Ramblers Way is Sustainable Clothing Made in the USA

Posted by on August 22, 2017 in Entrepreneurship, Green

ramblerJJMy father’s mother, Grandma Hazel, was a modest, practical woman. Truth be told, as an adolescent I found her to be obnoxious, opinionated and stuck in her ways. (Twenty-five years later, and I’m pretty certain after a glass of wine or two, my inner circle may describe me with these same three words.) Her home was simply decorated, her fashion sense non-existent; she couldn’t care less about trends or technology. Every Christmas, she’d politely ask what I would like to receive. Eagerly, I crafted a detailed list of apparel and accessories: Adidas sneakers, tube tops and fringe vests from Urban Outfitters. Every Christmas, she routinely bought me boring, useful items like school supplies and savings bonds. She was polite for the sake of politeness; there was zero intention of indulging me in my “extravagant” requests.

“We owned two dresses,” she constantly reminded me. “One for church and one for school. Each dress had its own hook. We wore these dresses until the hem rose above the knee and then passed them to the next sister.” Every time she told this story, I rolled my eyes. Every time I rolled my eyes, she’d say,

“Someday you’ll understand the value of quality versus quantity.” Dramatic eye rolling proceeded again.

My grandmother passed away 15 years ago, but almost every time I consider purchasing a new dress or pair of shoes—or mostly anything—I hear her telling me this story. And I pause: Do I need this dress? Will it pill and fray in one season? Am I living my values with the purchase of this dress?

Ramblers Way, a new clothing line, pauses, too.  When Tom Chappell, co-founder of Tom’s of Maine, decided to launch an apparel company, he proposed to form a values-driven company that my grandmother would have appreciated. Ramblers Way, a three-generation family company, pauses to consider quality, natural and human resources in every aspect of the supply chain, production and marketing. In fact, this is how they define themselves as a sustainable, apparel company. In an interview with Nick Armentrout, the Supply Chain Leader, I was reminded that there is hope for the infamously “dirty” fashion industry—but only if our personal orientation to clothing shifts. Ramblers Way should help with that shift.

“Traditionally, clothes were expensive, hand-made items that were treasured,” explains Armentrout. “The modern textile and apparel industries are large polluters and generators of post-consumer waste, in large part due to the push to create fast, cheap and disposable clothing. Discussions about sustainable textiles shed light on the hidden costs of cheap clothing—like the often harmful impact on people in the developing world. It is vital that clothing companies adopt emerging green textile technologies, and help develop solutions to their environmental impacts. Likewise, consumers need to demand greater accountability from brands and manufacturer.”

A 180 degree turn away from fast-fashion, Ramblers Way produces all of their clothing in America, with a close pulse on every stakeholder in the process. From how the sheep are cared for the wool that goes into their sweaters, to the use of sustainably grown, Californian Pima cotton, Ramblers Way rigorously pursues the higher road. They work with their suppliers to reduce environmental impact. For example, some of their partners use primary and secondary waste treatment facilities to return the water to natural bodies of water in accordance with all local and national (U.S. Environmental Protection Agency) water treatment regulations.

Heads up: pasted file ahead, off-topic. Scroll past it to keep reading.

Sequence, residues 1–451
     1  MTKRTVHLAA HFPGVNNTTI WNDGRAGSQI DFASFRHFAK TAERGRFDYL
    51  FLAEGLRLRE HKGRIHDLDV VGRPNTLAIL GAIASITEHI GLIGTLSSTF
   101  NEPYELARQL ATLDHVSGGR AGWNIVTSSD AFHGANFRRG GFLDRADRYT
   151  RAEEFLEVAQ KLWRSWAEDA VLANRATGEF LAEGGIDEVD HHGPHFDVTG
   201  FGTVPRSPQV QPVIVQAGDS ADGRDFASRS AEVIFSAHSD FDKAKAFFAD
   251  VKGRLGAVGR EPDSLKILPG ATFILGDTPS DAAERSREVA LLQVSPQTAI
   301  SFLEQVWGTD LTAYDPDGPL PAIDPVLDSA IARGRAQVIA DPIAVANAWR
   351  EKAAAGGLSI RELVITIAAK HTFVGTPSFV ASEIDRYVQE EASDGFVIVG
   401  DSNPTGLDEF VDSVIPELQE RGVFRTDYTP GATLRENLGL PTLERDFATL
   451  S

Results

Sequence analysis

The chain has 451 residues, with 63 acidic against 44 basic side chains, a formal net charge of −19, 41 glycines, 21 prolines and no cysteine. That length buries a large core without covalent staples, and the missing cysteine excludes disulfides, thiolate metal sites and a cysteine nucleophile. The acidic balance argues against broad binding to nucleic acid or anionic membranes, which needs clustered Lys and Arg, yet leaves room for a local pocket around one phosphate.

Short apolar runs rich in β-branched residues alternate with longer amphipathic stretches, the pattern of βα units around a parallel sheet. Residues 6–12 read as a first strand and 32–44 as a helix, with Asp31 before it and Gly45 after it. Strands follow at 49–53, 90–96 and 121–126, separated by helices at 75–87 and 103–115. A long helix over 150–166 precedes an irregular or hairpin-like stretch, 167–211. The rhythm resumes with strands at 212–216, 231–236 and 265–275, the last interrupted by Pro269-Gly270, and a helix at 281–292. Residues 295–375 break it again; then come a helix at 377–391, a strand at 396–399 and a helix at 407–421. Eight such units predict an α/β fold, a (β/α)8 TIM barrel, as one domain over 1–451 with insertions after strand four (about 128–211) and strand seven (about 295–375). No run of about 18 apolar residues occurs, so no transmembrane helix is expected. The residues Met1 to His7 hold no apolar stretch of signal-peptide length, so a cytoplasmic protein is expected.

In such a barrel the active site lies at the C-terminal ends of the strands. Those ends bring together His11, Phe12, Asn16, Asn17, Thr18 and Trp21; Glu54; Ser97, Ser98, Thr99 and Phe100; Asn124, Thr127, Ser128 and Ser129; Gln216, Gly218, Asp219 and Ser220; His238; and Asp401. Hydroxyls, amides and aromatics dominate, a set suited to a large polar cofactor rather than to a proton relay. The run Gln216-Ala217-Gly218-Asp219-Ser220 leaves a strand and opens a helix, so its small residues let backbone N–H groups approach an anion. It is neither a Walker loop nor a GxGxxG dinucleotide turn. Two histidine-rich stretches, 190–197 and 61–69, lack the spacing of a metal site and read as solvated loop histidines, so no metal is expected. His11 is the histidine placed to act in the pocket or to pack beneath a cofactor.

Oh, and did I mention they are committed to transparency? Anyone in the apparel business will tell you this is an incredibly rare value choice. Not only do they have firsthand relationships with the ranches and factories across their supply chain, they are open about their journey. For example, Armentrout acknowledged that organic cotton is a more sustainable choice than Pima cotton. Organic cotton production uses less energy and water, helps sequester CO2 in the soil, and produces 94% less greenhouse gas emissions than conventionally grown cotton. Ramblers Way isn’t there yet, but they are working on it. They hope to build a 100% US supply chain for GOTS (Global Organic Textile Standards) certified, organic cotton. As a targeted conscious consumer, their transparency about “not being there yet and there are better choices” means just as much to me as does the organic cotton. This proves the integrity of the brand, the humanity of the journey.

The big, hairy audacious goal of Ramblers Way is be the leading sustainable apparel brand, always improving their practices, always learning to make beautiful, timeless clothing.

“The more we can do to advance responsible, accountable practices through our journey, the better,” says Armentrout.

If my grandma Hazel were still alive and still asking for my Christmas lists, I think she may have considered a dress from Ramblers Way a practical gift. And maybe, fifteen years later, I’d pause to ask myself if I even needed it in the first place.

Read the story of the Ramblers Way supply chain. Pause first and then decide if you need to buy a new dress. Get social with them.

Julie Fahnestock

Julie lives in Cambridge, MA and is currently pursuing her MBA in Managing for Sustainability at Marlboro Graduate School in Vermont. She has a background in international development and grassroots organizing and is passionate about equitable wages, labor rights and the global income disparity. Julie is also a new blogger for Just Means and Socialearth. If you can't find Julie in Cambridge, she's probably on the beaches somewhere in South Florida.

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